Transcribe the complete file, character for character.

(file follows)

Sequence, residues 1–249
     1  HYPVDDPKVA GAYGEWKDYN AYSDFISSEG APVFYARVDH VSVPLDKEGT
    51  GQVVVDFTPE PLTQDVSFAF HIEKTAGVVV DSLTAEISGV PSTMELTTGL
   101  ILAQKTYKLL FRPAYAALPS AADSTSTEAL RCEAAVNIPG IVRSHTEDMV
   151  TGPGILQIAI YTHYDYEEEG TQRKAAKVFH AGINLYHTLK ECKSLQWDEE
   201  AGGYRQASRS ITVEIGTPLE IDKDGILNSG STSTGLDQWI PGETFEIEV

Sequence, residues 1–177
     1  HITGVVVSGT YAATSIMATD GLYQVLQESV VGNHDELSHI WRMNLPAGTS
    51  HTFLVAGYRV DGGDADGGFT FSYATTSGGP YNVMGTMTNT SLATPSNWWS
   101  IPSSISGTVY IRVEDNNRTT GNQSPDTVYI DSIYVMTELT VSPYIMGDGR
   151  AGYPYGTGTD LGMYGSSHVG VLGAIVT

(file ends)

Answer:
Sequence, residues 1–249
     1  HYPVDDPKVA GAYGEWKDYN AYSDFISSEG APVFYARVDH VSVPLDKEGT
    51  GQVVVDFTPE PLTQDVSFAF HIEKTAGVVV DSLTAEISGV PSTMELTTGL
   101  ILAQKTYKLL FRPAYAALPS AADSTSTEAL RCEAAVNIPG IVRSHTEDMV
   151  TGPGILQIAI YTHYDYEEEG TQRKAAKVFH AGINLYHTLK ECKSLQWDEE
   201  AGGYRQASRS ITVEIGTPLE IDKDGILNSG STSTGLDQWI PGETFEIEV

Sequence, residues 1–177
     1  HITGVVVSGT YAATSIMATD GLYQVLQESV VGNHDELSHI WRMNLPAGTS
    51  HTFLVAGYRV DGGDADGGFT FSYATTSGGP YNVMGTMTNT SLATPSNWWS
   101  IPSSISGTVY IRVEDNNRTT GNQSPDTVYI DSIYVMTELT VSPYIMGDGR
   151  AGYPYGTGTD LGMYGSSHVG VLGAIVT